by C.W. Nevius)
Danielle Steel‘s hedge has become a thing. It’s been viewed, photographed and discussed to the point that, like the “Bridges of Madison County” and the snows of Kilimanjaro, it is on the way to becoming a literary meme.
It all began when The Chronicle’s architecture critic, John King, did a short piece for his “Cityscape” series that mentioned Steel’s Pacific Heights abode — better known as the Spreckels Mansion — was partially hidden by a hedge that is so large it is “comically off-putting.”
Steel subsequently told The Chronicle that she wanted to trim the oversize growth but her security people advised against it. So it isn’t her, she says. You hedge-haters will have to talk to her people.
To which we say, forget the security types, we want to talk to the gardener. Photos show a hedge so robust and uniform that it resembles a huge, green sponge cake. Honestly, it is epic. Our only concern is that it might be the result of the use of PEFs — performance enhancing fertilizer. Which is fine, although it could hurt any chance of getting voted into the Hall of Fame.
Anyhow, that’s where things stood — hedge blocking mansion, architectural critic tut-tutting — until The Chronicle’s Catherine Bigelow got in touch with Steel this week. The pot-boiler author discussed a recent literary award from the French government, the publication date of her newest book (March), her appreciation of “Downton Abbey.”
Then Bigelow asked a comically off-putting question about the hedge.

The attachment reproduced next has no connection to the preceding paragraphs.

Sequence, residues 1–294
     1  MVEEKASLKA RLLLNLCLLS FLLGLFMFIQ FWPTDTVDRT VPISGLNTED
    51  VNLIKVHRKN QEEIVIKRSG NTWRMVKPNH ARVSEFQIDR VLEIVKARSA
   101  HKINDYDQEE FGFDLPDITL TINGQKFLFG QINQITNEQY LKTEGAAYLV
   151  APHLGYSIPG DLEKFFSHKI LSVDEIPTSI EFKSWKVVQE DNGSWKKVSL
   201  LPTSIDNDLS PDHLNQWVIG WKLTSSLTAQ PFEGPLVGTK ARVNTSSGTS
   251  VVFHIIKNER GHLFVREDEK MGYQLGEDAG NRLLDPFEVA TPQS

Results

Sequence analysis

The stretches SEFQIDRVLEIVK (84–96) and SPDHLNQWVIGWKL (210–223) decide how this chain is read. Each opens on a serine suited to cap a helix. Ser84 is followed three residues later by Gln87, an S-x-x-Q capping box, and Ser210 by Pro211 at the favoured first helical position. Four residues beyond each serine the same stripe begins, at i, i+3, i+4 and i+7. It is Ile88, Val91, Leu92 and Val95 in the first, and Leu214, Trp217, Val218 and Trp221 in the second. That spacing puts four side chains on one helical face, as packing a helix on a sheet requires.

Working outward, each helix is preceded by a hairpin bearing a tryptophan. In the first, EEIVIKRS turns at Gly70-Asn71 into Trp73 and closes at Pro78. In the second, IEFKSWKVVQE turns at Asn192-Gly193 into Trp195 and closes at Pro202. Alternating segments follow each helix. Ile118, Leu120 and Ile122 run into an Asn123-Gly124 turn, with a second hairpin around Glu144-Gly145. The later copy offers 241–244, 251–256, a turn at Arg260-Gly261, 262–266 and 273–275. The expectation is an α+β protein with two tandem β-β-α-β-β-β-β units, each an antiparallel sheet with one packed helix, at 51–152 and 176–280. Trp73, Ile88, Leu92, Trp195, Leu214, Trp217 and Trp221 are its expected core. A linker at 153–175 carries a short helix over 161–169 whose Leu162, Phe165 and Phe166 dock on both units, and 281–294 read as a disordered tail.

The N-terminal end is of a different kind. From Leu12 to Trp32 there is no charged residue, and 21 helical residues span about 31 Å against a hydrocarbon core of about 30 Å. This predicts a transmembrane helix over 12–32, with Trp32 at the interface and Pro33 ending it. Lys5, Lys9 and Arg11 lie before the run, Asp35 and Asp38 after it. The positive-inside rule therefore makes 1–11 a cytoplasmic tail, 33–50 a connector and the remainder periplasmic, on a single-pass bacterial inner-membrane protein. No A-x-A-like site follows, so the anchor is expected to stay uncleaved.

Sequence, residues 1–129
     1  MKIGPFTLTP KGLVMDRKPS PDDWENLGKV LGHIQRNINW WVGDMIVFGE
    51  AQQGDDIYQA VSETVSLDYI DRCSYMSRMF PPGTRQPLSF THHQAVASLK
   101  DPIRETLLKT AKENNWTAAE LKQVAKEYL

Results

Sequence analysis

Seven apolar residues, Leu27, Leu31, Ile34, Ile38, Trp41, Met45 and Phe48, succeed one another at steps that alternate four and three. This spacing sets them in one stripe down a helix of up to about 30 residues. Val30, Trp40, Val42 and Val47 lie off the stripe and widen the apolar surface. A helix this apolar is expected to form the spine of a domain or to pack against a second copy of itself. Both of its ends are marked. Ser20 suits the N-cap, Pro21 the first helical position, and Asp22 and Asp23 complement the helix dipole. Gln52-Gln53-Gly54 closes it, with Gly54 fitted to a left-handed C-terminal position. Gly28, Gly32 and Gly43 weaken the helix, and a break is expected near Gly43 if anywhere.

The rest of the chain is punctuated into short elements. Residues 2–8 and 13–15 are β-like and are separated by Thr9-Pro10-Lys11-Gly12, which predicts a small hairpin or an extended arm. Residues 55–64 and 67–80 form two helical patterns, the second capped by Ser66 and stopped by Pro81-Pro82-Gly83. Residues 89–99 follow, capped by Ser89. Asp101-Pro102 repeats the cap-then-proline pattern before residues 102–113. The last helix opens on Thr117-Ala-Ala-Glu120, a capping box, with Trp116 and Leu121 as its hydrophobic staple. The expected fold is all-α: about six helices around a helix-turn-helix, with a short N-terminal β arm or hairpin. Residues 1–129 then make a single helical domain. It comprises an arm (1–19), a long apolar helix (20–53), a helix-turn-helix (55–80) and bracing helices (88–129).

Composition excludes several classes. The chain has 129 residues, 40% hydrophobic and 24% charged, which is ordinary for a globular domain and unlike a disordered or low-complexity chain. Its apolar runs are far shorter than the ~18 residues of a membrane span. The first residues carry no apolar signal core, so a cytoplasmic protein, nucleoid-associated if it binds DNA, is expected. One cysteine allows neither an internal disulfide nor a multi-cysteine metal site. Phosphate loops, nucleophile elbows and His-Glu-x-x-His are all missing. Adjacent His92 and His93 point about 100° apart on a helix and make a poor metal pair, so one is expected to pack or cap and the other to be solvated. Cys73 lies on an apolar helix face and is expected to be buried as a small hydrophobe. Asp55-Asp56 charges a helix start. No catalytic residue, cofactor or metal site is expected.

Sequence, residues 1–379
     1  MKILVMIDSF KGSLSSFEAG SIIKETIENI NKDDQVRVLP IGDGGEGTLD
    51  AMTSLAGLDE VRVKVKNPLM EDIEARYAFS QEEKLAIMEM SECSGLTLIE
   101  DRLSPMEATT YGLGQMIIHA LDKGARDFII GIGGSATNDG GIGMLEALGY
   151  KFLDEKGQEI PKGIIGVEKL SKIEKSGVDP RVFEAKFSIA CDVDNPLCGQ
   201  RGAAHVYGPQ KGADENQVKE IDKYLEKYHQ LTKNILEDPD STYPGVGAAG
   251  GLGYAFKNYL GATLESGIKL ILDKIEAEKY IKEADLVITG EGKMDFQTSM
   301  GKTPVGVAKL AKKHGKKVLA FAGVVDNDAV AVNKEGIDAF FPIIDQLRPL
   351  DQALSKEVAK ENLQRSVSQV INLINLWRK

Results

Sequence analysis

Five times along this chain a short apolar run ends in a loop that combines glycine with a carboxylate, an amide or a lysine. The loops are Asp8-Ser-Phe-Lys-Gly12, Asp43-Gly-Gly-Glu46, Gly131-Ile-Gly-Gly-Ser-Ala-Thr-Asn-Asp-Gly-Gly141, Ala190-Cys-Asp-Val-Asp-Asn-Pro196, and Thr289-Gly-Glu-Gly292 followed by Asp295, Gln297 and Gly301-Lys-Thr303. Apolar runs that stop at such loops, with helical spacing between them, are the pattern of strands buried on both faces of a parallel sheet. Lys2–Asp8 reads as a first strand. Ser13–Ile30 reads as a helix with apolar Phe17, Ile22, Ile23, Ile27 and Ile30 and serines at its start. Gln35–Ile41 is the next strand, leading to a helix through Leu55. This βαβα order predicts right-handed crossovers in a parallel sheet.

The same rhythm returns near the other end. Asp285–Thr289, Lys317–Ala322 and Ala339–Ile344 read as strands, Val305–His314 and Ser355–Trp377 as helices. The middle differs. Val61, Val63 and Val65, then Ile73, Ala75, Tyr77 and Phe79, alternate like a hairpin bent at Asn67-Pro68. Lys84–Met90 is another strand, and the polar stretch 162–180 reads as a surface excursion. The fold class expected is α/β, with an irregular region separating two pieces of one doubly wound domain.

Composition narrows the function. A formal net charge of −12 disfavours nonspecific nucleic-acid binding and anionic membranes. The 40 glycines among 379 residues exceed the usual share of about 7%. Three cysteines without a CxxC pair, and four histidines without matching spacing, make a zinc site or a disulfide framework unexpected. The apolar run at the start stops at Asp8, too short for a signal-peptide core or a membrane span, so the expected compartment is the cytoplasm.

“Sometimes, I think San Francisco hates successful people,” Steel said. “No matter what I do, people say nasty stuff. I mean the world is falling apart and people complain about my hedge. It’s a mystery.”
Well, sort of. We’d never want to suggest that a mega-best-selling author doesn’t recognize a mystery when she sees one, but this seems pretty clear.
Unlike the city’s “Gold Coast,” a three-block row of billionaire mansions discreetly tucked into the Pacific Heights hillside, the Spreckels edifice — with a reported 55 rooms and a Louis XVI ballroom (whatever that is) — is as large and ornate as a baroque French chateau. In fact, that’s exactly what it is, a French chateau, plopped down in a remarkably large expanse of land fo the city. (Adolph Spreckels purchased eight lots when it was built so ensure prime views.)
Steel’s house is across the street from Lafayette Park, and she told Bigelow that she’s received threats and that “… people stand on the hill in the park and shoot photos of the interior. So unless the hill shrank during the park’s reconstruction, the hedge will maintain its current height.”
Logic would have us point out that if you don’t to have those experiences, maybe you shouldn’t live in a place that looks like a limestone wedding cake that is across the street from a large public park. It is such an authentic tourist attraction it has officially been named city landmark No. 197.
However, we doubt she’d pay much attention to what we might have to say. She’s already written most of us off as uncultured yobs. Interviewed in the Wall Street Journal in 2011, Steel explained why she was spending more time in France.
“San Francisco is a great city to raise children, but I was very happy to leave it,” she said. “There’s no style, nobody dresses up—you can’t be chic there. It’s all shorts and hiking boots and Tevas—it’s as if everyone is dressed to go on a camping trip. I don’t think people really care how they look there; and I look like a mess when I’m there, too.”
So not only are we failing to dress to Steel’s standards, we’re dragging down her sense of style too.
And that’s when we solve the mystery. It isn’t that San Francisco hates successful people.
It’s snobs we don’t like.